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Automation is on the rise. Taking the human element out of certain processes makes a lot of sense. You can increase productivity, reduce errors and have a more profitable business model. But you need to have a great deal of faith in complete end-to-end automation. Are you ready to get in your car and have it drive you to your destination while you sleep? Or would you feel more comfortable setting your speed and engaging the cruise control, but still being responsible for the steering and braking just in case? These kinds of considerations arise when automation is employed in the world of localization, too. On the surface, expanding into new territories with new languages may seem suited to automation such as machine translation to handle high volumes and speed up the work. For example, open Google Translate, choose your destination language, type in your content and it comes out localized. The results can be pretty accurate, but it’s not always this easy, and sometimes what comes out needs a lot of fine-tuning to really engage with the local culture. Why automate There are many factors that are making automation increasingly appealing: Return on investment – Because there are less variables in the process, costs can be easily mapped out and shouldn’t vary much over time. Speed – Technology can move more quickly and accurately than humans can. Productivity – Operating times can be around-the-clock, seven-days-a-week. Efficiency – Human error is greatly reduced or eliminated. Visibility – Processes are transparent and exactly the same every time. When to automate So, will automation help your business expand into new global territories? The answer varies on a business by business basis. There is no magic, one-size-fits-all answer. Keeping a human element in a process allows you to deal with nuances that inevitably appear when localizing your brand’s products or services. For example, for every opportunity where machine translation can help, there is creative content that needs someone to really understand it so its intended meaning isn’t lost in translation. Because of this, you’ll want to stay away from a ‘closed’ solution where there is only automation. What to automate There is, however, little doubt that some level of automation can be advantageous to your localization strategy. It can provide a consistency for core content that you can then adjust to individual markets. Automation can also provide a standard framework for local marketing teams to work within. Take a content management system (CMS), for example. When localizing, a strong CMS that allows your project teams to easily access and modify content is essential, and it might operate across a number of different platforms with a single interface. Often there are multiple users working on different stages of a single project, and a CMS automates the project workflow, timeline, stakeholder communication, approval processes and internal/external resourcing. When content has to be localized for a specific country, a human needs to make sure the source content is correct and that the digital elements work with each other. Then, once the variables are in place, the CMS’s automation can be triggered and operate at scale, delivering value to the business. The advantages of a translation management system (TMS) Also, the growing use of applications and mobile technology puts an increased dependence on translation management systems in order to rapidly grow an app-dependent business on a global level. A TMS helps organize the localization workflow, track the progress of translation projects and reduce manual tasks via automation. It’s important to consider each of the elements that are going to be automated. They’re not all standard and many CMSs and TMSs will not talk to each other. Once again, it is us humans that have to step in and sort out the finer details. What about quality? Quality assurance (QA) and testing are crucial to any localization process. Even the most straightforward translation process—create content, give it to a translation team, translate it—needs a QA step before it’s rolled out into the market. The QA process can vary depending on requirements. It could be as simple as a proofread by a translator with local knowledge and as complex as a functional and linguistic testing program. Even if the QA requires several steps that involve human input, automating as much as possible (such as file handoffs, quality checks and screenshot captures) will typically have time and cost savings that justify building the automations. In addition, QA should be factored into the overall process during the planning stage. This way, the decision on where and when to employ automation is factored into the project early on and its development and implementation costs can be included in the budget. This is where designing a modular approach from the start is the best route forward. A process can be broken down into components, some of which will suit total automation and some of which will need human intervention. As we move into the future, the ratio of these two elements may change, but they are both likely to be needed for the long term. What does the future hold? In the years to come, automation will evolve as different industries continue to embrace technology. Robotic processes are becoming more widely accepted and implemented in many fields, not just translation and localization. What the future holds, ultimately, is anyone’s guess, but there are some exciting developments in bringing the global marketplace together. First, the demand for real-time localization keeps growing. “Real-time” is contextual, but we understand it as meaning instantaneous. It’s the chatbot that replies to you milliseconds after you ask it a question. Or the technology that provides immediate translation, allowing us to quickly communicate in another language. This is where the market is heading, and it all relies on having the right technology and suppliers in place behind the scenes to make the magic happen. Immediately. Second, advances in digital automation are helping brands move around the world. As those brands gain success in new markets, it’s inevitable that more resources will be put into this international digital landscape. As with a number of industries, the future of localization is moving in this digital direction because people want faster and easier access to the most up-to-date information available. Building automations for your business If you’re thinking of bringing automation into your business, just make sure you ask yourself these questions: Is it the best solution? What level of automation do I need? What is needed to do the job and facilitate faster work with fewer errors and less cost? It’s rare that a process will be suited to end-to-end automation. Instead, targeting specific activities and automating them, with manual intervention where needed, is probably the best option. Inevitably, the answer is going to be different for everyone. There is no single solution here, just a process of evaluation. Steps include: Communication – Who are the process owner and project stakeholders? How is everyone going to communicate? Goal setting – Why automate? Is the goal to save time? Save money? Have better visibility? Is there another reason? Historical process and adaptation – How was the decision made to automate? Who was involved in the process? Is there any further research that needs to be done? Current workflow and data collection – Keeping things as simple as possible, what are the steps in the process, including time frames, and who is the resource at each step? Automated workflow – How is this an improvement of the current workflow? What is the cost to implement it? What test comparisons have been run? What are the limitations and how will they be addressed? Return on investment (ROI) – What has been learned from the proof of concept? How does this validate automation and show ROI? Going live – How will the project go live? How will it be monitored? What will the ongoing quality assurance process be? And if automation is the answer? Go for it, and work with an experienced partner that can help you roll it out in your current and future markets.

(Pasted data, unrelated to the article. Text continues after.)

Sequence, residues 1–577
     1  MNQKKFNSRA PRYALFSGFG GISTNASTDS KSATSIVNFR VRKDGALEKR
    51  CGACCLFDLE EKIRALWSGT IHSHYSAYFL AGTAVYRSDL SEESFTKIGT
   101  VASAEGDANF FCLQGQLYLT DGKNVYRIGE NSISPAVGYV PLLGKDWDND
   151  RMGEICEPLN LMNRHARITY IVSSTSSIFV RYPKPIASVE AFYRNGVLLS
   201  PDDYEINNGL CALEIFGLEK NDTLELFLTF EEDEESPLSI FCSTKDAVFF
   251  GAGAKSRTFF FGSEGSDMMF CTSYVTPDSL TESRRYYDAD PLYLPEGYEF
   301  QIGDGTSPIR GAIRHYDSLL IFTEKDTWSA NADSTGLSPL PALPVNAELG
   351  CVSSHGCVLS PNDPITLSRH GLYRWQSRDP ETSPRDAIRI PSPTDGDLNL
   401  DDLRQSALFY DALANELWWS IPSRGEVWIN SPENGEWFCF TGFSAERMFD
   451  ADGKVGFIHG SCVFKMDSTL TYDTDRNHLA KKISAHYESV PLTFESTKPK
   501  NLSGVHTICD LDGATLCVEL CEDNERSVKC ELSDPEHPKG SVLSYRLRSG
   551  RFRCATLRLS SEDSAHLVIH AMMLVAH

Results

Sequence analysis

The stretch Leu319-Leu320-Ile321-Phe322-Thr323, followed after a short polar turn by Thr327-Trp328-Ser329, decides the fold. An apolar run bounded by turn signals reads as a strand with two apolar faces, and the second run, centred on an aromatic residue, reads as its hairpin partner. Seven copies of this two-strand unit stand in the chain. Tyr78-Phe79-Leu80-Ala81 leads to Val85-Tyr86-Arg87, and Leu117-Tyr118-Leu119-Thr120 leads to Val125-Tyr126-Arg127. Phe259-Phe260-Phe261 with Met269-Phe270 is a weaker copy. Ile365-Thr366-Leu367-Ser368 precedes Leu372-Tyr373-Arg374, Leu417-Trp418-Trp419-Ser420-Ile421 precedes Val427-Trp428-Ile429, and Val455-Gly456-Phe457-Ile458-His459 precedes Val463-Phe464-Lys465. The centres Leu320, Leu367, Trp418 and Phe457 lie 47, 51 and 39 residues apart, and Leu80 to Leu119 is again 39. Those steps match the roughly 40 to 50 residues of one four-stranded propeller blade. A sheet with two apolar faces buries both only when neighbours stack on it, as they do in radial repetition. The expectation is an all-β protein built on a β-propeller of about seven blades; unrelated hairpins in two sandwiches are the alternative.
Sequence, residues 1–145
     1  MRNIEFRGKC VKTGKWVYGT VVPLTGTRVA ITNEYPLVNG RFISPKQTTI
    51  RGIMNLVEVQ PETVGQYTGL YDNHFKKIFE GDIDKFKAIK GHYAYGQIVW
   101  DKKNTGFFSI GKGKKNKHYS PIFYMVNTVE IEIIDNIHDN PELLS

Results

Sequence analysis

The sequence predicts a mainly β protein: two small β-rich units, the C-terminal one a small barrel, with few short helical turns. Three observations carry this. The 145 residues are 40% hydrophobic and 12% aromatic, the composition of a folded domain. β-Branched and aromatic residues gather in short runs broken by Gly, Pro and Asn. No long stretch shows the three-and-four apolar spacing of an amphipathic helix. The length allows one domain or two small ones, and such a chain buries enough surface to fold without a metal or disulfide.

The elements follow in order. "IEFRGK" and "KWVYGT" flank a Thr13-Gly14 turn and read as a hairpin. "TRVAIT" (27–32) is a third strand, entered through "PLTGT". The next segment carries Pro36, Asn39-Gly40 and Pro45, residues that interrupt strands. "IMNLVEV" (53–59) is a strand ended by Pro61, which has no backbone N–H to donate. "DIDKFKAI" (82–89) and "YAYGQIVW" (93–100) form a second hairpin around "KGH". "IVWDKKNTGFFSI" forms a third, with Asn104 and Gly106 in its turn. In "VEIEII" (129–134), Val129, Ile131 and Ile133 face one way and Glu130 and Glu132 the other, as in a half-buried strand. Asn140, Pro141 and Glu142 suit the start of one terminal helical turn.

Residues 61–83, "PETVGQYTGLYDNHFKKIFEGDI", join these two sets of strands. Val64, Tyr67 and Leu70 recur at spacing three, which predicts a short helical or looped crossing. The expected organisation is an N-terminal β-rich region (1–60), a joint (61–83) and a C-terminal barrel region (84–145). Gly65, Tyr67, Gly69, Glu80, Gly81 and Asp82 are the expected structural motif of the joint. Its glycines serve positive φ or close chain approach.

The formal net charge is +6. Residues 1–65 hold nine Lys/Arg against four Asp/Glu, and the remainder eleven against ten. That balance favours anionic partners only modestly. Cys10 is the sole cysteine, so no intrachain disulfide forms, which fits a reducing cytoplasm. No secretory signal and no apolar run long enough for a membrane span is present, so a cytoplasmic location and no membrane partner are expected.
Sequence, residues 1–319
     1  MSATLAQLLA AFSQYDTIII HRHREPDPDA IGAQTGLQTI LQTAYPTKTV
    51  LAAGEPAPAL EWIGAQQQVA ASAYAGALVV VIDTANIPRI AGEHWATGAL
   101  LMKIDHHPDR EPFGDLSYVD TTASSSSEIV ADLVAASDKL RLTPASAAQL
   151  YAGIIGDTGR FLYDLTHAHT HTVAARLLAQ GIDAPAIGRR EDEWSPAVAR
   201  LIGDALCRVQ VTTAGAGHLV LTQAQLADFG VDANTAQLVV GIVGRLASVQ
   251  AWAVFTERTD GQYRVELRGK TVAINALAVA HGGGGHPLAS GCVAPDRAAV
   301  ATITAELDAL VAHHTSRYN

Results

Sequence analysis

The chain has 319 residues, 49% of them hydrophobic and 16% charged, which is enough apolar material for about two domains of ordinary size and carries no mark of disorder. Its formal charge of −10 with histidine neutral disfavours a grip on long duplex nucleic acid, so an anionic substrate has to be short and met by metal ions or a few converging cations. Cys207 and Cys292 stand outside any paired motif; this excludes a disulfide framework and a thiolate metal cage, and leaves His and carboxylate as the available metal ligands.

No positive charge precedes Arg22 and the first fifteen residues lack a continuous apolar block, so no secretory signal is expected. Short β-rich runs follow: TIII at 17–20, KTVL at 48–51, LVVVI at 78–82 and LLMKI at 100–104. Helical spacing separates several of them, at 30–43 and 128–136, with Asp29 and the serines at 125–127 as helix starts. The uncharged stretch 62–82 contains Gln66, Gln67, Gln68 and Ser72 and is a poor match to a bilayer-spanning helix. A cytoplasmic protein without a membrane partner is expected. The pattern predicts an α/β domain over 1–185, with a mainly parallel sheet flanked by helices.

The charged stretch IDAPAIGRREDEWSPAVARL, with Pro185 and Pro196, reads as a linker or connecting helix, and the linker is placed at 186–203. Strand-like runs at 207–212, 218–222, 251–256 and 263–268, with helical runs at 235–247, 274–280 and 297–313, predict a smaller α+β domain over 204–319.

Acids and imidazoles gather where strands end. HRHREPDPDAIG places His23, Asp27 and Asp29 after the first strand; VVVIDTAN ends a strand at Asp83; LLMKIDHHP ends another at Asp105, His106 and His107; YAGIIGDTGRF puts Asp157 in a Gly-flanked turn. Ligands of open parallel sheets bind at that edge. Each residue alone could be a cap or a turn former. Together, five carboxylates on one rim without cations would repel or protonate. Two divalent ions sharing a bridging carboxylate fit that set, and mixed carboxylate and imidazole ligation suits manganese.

自动化正兴起。 从某些过程中排除人为因素非常有意义。您可以提高生产力、减少错误并拥有一个更有利可图的商业模式。但是您需要对完全的端到端自动化抱有很大的信心。准备好钻进车里,让车载带您到达目的地吗? 或者想图个舒服,设置速度和使用巡航控制系统,您仍负责方向盘和刹车,以防万一呢? 当自动化应用于本地化领域,也会出现这些考虑因素。从表面上看,使用新语言扩展到新领域似乎适合自动化,例如机器翻译,以处理高容量和加快工作速度。例如,打开谷歌翻译,选择目标语言,输入内容就会出现本地化。结果可能相当准确,但并非总是那么容易,有时结果需要大量调整才能真正融入当地文化。 为什么要进行自动化 促使自动化越来越有吸引力的几大要素: 投资回报--因为流程中变数较少,所以成本容易规划出来,并且不会随着时间的推移而变化太多。 速度--技术比人类移动得更快、更准确。 生产率----操作时间可以是每周7天不间断运行。 效率--人为错误大大减少或消除。 可视性--流程是透明的,并且每次都完全相同。 何时实现自动化 那么,自动化会帮助您的业务拓展到新的全球领域吗?答案因企业而异。没有放之四海而皆准的万能答案。通过在流程中保留人为因素可以让您处理本地化品牌产品或服务时不可避免出现的细微差别。 例如,对于机器翻译可以帮助帮助的机会,都有创造性内容需要有人去真正理解,以便其原意在翻译中不会丢失。因此,您将希望远离只有自动化的“封闭式”解决方案。 什么需要进行自动化 然而,毫无疑问的是某种程度的自动化有助于您的本地化策略。自动化提供核心内容的一致性,然后您可以根据各个市场进行调整。自动化还可以为本地营销团队提供一个标准框架。以内容管理系统(CMS)为例。在进行本地化时,使您的项目团队轻松访问和修改内容强大的内容管理系统是必不可少的,并且内容管理系统可以使用单个界面跨多个不同的平台操作。通常有多个用户在单个项目的不同阶段工作,内容管理系统可以进行自动化项目工作流程、时间表、涉众沟通、批准流程和内部/外部资源配置。 当必须将内容本地化到特定国家/地区时,人们需要确保源内容正确并且数字元素可以相互配合。 然后,一旦变量到位,触发内容管理系统的自动化并进行大规模操作,从而为业务创造价值。 翻译管理系统(TMS)的优点 同样,应用程序和移动技术的日益普及也增加了对翻译管理系统的依赖性,以便在全球范围内快速发展与应用程序相关的业务。 翻译管理系统帮助组织本地化工作流程,跟踪翻译项目的进度并通过自动化减少人工任务。 重要的是考虑即将进行自动化的每个元素。 这些元素并不都是标准的,许多内容管理系统和翻译管理系统互不通信。我们人类必须再一次介入并理清更精细的细节。 关于质量 质量保证(QA)和测试对于任何本地化过程都是至关重要的。即使是最简单的翻译过程--创建内容、将其交给翻译团队、进行翻译--也需要进行质量检查,然后才能推广到市场。质量保证可能会根据要求而有所不同。这一过程可以简单到由具有本地知识的翻译人员校对,也可以复杂到功能和语言测试程序。即使质量保证需要几个涉及人工输入的步骤,但尽可能地自动化(例如文件切换、质量检查和截图捕获)通常会节省时间和成本,从而证明了构建自动化的合理性。 此外,质量保证应在计划阶段纳入整个流程。通过这种方式,就可以在项目早期就决定何时何地采用自动化的决定,并且可以将其开发和实施成本纳入预算。 从一开始就设计模块化方法是最佳途径。可以将一个流程分解为多个组件,其中一些将适合完全自动化,而另一些则需要人工干预。 随着我们迈向未来,这两种元素的比例可能会发生变化,但从长远来看,我们都需要这两种元素。 未来该何去何从? 在未来的几年里,自动化将随着不同行业继续采用技术而发展。机器人过程不仅在翻译和本地化方面,而且在许多领域也越来越广泛地被接受和实现。 未来该何去何从,归根结底谁也说不准,但是在将全球市场整合到一起方面,存在一些振奋人心的发展。 第一,实时本地化需求不断增长。“实时”与上下文相互关联,但我们将其理解为瞬时的。 在您提出问题后,聊天机器人会在几毫秒内回复您。 或者提供即时翻译的技术,使得我们快速地用另一种语言交流。这就是市场的发展方向,而这一切都取决于幕后有合适的技术和供应商来实现。立即使用本地化。 其次,数字自动化的进步正在帮助品牌走向世界。随着这些品牌在新市场取得成功,不可避免的是将更多的资源投入到国际数字领域。正如许多行业一样,本地化的未来正朝着数字化方向发展,因为人们希望更快更容易地获取最新的可用信息。 为您的企业构建自动化 如果您想将自动化引入您的业务,请确保您问自己以下问题: 自动化是最佳解决方案吗? 我需要什么水平的自动化? 需要什么来完成这项工作并促进更快的工作、更少的错误和更少的成本? 很少有流程适合于端到端自动化。相反,针对具体活动并将其自动化,在必要时进行人工干预,可能是最好的选择。 不可避免地,每个人的答案有所不同。这里没有单一的解决方案,只是一个评估过程。步骤包括: 沟通–谁是流程所有者和项目利益相关者? 大家如何沟通? 目标设定--为什么要自动化?目标是节省时间吗?减少成本吗?可视性更好?还有其他因素吗? 历史进程和适应性--如何做出自动化决策? 谁参与了该流程? 是否需要做进一步的研究? 当前的工作流程和数据收集--使事情尽可能简单,流程中的哪些步骤(包括时间表)以及每个步骤的资源是什么? 自动化工作流程--这是对当前工作流的改进吗?实施自动化工作流程的成本是多少?进行了哪些测试比较?有哪些局限性,将如何解决? 投资回报率(ROI)--从概念验证中学到了什么?这如何验证自动化并显示投资回报率? 上线-项目如何上线?将如何监控?正在进行的质量保证流程是什么? 如果自动化是答案呢?坚持下去,并与经验丰富的合作伙伴合作,可以帮助您在当前和未来的市场中推广自动化。